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The host course for the 2018 Open Championship was fabled Carnoustie which is renowned as one of the world’s most difficult tests.

Steeped with Open history, Carnoustie was the venue for two of the four most difficult Championships after World War 2 and this was the 7th edition for the venue nicknamed “Car Nasty”. One of those was the infamous “Van De Velde” Open in 1999 when the enigmatic but slightly tragic Frenchman had the biggest last hole meltdown in Major history.

In 1953, legendary Ben Hogan came across the pond to play in the only Open Championship he would ever contest and won the Claret Jug. The 147th edition of the game’s oldest Major would be theater on the grandest scale.

Carnoustie was tame by its standards on the first day as 49 players were at par or better. The leader was American Kevin Kisner whose 5-under par 66 gave him a one shot lead over young South Africans, Erik van Rooyen and Zander Lombard and long-hitting American, Tony Finau. A further shot back were Americans Ryan Moore and Brendan Steele and another South African, Brandon Stone, but with such a tightly bunched field these were very early days.

The weather for the second round was in stark contrast to Thursday as rain and wind made for completely different conditions.

2016 Open Champion, Zach Johnson shot a 4-under 67 to be tied with Kisner for the halfway lead at 6-under. They were one shot ahead of Americans, Pat Perez and Xander Schauffele and England’s Tommy Fleetwood.

A further shot back were van Rooyen, Lombard and Finau, 4-time Major Champion, Rory McIlroy and Matt Kuchar at 4-under. There were 51 players though within 7 shots of the lead setting the stage for a thrilling weekend.

One of those 51 players was Tiger Woods who began Saturday’s round at even par but was 6-under par after his 14th hole and was tied for the lead. Woods bogeyed the 15th hole to finish at 5-under but as remarkable as this may seem, it was the first time in 5 years that he shared the lead in a Major.

Woods was joined at 5-under by Sweden’s Alexander Norén, Fleetwood and Americans Webb Simpson and Kuchar. One shot ahead of that quintet were Italian Francesco Molinari, McIlroy and Johnson.  Alone in fourth place was American, Kevin Chappell at 7-under.

The biggest move of the day was made by defending Champion, Jordan Spieth whose masterful 6-under 65 vaulted him to 9-under and a share of the lead entering the final round with Schauffele and Kisner.

The conditions that greeted the field on Sunday put the nasty back in Carnoustie as the players had to contend with winds that gusted up to 25 mph.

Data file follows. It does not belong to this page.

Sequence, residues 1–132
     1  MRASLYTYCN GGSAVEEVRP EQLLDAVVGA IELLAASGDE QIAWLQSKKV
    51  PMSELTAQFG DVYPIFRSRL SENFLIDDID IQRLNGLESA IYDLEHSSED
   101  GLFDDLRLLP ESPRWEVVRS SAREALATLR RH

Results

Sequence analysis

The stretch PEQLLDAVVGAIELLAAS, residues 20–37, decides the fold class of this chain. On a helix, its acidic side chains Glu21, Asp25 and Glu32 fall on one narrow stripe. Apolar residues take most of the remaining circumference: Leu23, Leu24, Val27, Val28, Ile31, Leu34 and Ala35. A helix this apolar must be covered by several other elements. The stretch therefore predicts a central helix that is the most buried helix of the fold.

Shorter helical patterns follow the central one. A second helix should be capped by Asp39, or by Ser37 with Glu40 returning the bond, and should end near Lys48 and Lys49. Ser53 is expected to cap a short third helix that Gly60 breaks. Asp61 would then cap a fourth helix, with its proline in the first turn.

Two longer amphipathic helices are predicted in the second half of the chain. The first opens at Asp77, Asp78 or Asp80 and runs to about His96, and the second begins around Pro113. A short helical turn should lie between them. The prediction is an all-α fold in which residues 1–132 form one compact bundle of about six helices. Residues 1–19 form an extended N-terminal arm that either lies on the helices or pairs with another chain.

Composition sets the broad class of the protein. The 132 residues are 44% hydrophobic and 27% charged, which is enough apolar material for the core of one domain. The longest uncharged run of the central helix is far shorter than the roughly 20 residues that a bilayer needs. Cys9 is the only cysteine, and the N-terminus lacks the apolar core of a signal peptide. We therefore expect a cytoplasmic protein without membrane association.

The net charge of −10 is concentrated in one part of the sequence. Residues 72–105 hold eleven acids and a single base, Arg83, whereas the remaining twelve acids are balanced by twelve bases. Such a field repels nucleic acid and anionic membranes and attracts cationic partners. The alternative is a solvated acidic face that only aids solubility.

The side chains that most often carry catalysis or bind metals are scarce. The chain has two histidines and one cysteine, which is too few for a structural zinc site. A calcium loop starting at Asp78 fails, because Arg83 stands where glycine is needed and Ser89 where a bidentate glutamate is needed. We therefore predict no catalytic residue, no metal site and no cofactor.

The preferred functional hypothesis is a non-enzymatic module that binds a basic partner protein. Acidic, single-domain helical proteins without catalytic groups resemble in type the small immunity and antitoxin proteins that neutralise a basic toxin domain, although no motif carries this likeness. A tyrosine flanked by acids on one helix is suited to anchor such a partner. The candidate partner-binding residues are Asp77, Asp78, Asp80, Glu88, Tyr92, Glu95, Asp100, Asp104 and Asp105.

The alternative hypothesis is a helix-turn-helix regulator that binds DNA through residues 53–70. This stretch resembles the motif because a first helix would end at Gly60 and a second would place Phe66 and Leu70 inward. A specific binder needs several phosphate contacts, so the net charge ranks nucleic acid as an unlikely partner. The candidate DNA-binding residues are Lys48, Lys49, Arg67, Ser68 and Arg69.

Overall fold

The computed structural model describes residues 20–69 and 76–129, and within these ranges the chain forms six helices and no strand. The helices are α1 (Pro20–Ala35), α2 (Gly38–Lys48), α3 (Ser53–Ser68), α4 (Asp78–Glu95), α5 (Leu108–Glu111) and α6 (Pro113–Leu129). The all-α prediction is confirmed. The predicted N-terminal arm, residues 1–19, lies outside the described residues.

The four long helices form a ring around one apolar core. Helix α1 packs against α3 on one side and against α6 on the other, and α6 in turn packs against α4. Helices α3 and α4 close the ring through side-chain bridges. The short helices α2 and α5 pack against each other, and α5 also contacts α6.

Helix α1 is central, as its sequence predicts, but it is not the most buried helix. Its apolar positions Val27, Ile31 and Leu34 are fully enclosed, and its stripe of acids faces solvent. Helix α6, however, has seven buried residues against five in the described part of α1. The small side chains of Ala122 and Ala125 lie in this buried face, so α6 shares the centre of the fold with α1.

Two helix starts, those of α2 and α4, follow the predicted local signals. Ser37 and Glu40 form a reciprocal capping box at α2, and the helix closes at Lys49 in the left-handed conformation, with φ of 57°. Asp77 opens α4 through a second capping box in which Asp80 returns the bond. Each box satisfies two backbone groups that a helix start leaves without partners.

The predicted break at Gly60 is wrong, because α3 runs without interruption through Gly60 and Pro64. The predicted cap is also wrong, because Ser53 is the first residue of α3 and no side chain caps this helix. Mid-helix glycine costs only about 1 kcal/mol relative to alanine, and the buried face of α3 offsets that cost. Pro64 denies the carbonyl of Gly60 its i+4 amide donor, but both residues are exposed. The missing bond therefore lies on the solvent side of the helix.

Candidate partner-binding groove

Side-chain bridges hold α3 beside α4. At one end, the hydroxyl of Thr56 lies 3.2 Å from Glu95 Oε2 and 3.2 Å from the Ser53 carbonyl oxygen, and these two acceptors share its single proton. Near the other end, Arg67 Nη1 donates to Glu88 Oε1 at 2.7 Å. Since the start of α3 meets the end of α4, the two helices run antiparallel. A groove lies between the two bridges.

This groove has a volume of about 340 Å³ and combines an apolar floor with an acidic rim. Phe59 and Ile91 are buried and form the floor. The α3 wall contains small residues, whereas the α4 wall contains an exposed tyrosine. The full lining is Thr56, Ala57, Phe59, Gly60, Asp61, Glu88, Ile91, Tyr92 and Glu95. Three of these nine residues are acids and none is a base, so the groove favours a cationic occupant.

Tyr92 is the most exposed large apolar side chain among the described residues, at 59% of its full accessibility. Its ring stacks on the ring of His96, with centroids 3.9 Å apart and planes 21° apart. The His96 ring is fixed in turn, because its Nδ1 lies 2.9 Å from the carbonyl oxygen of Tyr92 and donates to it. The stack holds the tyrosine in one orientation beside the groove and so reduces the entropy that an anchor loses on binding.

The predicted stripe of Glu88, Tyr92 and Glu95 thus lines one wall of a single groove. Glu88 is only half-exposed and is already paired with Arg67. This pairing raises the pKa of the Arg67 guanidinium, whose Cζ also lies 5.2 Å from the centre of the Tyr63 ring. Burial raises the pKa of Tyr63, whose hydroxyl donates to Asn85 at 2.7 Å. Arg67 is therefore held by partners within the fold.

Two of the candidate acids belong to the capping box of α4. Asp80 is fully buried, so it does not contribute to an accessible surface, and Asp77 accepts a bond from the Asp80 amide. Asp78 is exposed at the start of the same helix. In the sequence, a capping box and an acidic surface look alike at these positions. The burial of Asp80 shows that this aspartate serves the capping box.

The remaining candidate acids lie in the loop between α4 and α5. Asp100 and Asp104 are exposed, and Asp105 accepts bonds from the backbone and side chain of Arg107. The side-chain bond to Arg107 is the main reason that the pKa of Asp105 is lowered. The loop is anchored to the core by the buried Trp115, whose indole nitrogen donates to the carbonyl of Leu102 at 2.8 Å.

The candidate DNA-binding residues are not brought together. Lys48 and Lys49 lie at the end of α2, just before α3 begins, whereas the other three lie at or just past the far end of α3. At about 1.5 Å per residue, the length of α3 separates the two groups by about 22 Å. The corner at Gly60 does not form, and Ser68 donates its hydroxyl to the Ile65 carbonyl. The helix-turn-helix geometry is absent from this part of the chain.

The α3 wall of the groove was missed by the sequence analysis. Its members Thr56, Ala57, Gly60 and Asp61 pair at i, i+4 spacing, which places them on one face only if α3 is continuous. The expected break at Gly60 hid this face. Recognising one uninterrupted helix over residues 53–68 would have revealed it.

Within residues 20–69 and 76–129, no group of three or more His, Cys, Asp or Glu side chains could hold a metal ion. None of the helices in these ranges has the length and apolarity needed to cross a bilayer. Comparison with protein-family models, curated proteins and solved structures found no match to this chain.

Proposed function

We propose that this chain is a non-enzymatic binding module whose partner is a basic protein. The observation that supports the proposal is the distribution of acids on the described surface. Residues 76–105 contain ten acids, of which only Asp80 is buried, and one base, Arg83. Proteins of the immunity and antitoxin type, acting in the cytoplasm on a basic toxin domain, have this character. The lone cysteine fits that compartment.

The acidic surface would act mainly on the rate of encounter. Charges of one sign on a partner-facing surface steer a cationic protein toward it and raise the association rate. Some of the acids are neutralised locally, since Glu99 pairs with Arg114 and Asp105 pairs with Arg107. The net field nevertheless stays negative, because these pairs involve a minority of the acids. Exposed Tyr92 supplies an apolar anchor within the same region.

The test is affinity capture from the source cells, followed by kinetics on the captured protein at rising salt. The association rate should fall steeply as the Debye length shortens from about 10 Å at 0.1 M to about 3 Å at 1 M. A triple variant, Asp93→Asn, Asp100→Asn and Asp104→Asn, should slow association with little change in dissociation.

As the majority of the contenders battled both par and the elements, one player bettered the front 9; Tiger Woods. The 41-year old in search of his 15th Major played his opening 9 in 2-under to claim the outright lead at 7-under.

A double bogey on the diabolical par-4 12th hole would drop Woods to 5-under and one behind the quartet of leaders; Spieth, Chappell, Molinari and Kisner. When Woods also bogeyed his next hole his recalcitrant run would come to an end, ultimately leaving him in a tie for sixth at 5-under.  His play this week however is surely an empathic statement that he is a force to still be reckoned with.

Justin Rose, who finished fourth in the 1999 Open as a 17-year old amateur had barely made the cut at 3-over. The 37-year old Englishman fashioned a brilliant 7-under 64 on Saturday and followed that up with an equally skillful 69 on Sunday to become the early leader in the clubhouse at 6-under.

Moments later, Rose would be joined in the clubhouse by McIlroy at 6-under but they were now a shot behind co-leaders Molinari and Schauffele who were still on the course. When the enigmatic Molinari birdied his final hole he would claim the outright lead at 8-under.

The 35-year old who has always been a consistent money winner on the European Tour where he is a 5-time winner had broken through for his first PGA Tour win earlier this month at the Quicken Loans National.

When Schauffele stumbled with a bogey on the 17th to fall back to 6-under, Molinari became the first Italian player (Constantino Rocca lost a play-off to John Daly in the 1995 Open) to win a Major.

Schauffele finished at 6-under and in a four way tie for second with Rose, McIlroy and Kisner but this was Molinari’s week and a historic victory on storied ground.